The rehabilitation policy under the proposed bill will ensure the independent legal representation of the victim as there are provisions for victims to be represented by private lawyers in addition to the Special Public Prosecutor. It also has rules for victim compensation through the Legal Service Authority of each state at various stages – from the filing of First Information Report (FIR) to the disposal of the case.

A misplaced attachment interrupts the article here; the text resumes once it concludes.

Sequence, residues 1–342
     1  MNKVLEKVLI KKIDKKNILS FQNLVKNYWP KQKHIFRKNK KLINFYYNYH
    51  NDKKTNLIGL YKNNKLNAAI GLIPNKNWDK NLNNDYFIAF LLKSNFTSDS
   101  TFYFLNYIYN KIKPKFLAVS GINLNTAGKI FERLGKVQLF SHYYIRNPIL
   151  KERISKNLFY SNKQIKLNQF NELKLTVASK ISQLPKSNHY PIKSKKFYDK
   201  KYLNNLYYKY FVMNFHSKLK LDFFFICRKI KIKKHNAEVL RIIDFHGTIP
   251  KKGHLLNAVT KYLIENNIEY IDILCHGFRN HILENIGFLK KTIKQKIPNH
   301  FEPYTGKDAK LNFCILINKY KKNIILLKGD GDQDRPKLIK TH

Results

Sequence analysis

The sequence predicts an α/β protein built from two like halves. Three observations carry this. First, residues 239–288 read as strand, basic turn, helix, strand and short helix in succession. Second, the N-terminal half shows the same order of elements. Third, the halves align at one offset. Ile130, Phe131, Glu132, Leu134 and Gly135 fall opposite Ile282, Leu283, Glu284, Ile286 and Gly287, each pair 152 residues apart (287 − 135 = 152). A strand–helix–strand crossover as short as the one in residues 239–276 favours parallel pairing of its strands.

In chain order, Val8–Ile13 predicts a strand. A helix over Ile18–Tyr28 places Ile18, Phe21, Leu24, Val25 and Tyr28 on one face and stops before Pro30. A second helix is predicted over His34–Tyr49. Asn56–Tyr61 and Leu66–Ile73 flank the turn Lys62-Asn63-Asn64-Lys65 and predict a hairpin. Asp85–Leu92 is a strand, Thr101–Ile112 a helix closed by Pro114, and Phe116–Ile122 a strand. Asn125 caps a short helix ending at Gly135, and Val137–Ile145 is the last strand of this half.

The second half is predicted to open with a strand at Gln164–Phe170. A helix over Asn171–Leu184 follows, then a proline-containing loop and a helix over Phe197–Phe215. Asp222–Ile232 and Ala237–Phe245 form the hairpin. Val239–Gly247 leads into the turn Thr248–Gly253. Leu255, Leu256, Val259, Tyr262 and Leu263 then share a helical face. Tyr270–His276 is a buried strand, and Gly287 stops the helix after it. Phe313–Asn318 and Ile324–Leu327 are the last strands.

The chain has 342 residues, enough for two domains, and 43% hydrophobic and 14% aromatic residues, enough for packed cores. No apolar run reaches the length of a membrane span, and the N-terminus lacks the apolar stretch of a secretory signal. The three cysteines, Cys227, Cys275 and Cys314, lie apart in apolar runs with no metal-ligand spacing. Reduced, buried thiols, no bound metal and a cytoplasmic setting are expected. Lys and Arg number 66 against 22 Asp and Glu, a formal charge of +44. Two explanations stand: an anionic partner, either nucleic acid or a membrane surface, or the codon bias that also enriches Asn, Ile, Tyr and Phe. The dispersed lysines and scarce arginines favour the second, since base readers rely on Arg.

Nevertheless, the efforts to stop human trafficking cannot be restricted forming laws and providing services to the community rather state also has to look at changing ways the community look at trafficking survivors, gender roles, and violence. Being stigmatized back in the community how can these victims overcome their challenges and ensue with legal process is still remains a big challenge!